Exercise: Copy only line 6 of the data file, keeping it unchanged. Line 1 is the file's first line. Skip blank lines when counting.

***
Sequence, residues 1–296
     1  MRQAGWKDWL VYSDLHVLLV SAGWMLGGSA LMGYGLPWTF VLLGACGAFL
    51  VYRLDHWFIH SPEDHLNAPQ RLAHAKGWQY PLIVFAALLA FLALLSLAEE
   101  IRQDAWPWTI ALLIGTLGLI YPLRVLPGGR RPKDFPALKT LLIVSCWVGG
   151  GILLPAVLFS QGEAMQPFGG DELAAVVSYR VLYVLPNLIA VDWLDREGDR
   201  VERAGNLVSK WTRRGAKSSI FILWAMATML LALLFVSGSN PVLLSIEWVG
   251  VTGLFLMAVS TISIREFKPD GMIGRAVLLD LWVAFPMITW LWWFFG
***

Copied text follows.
   201  VERAGNLVSK WTRRGAKSSI FILWAMATML LALLFVSGSN PVLLSIEWVG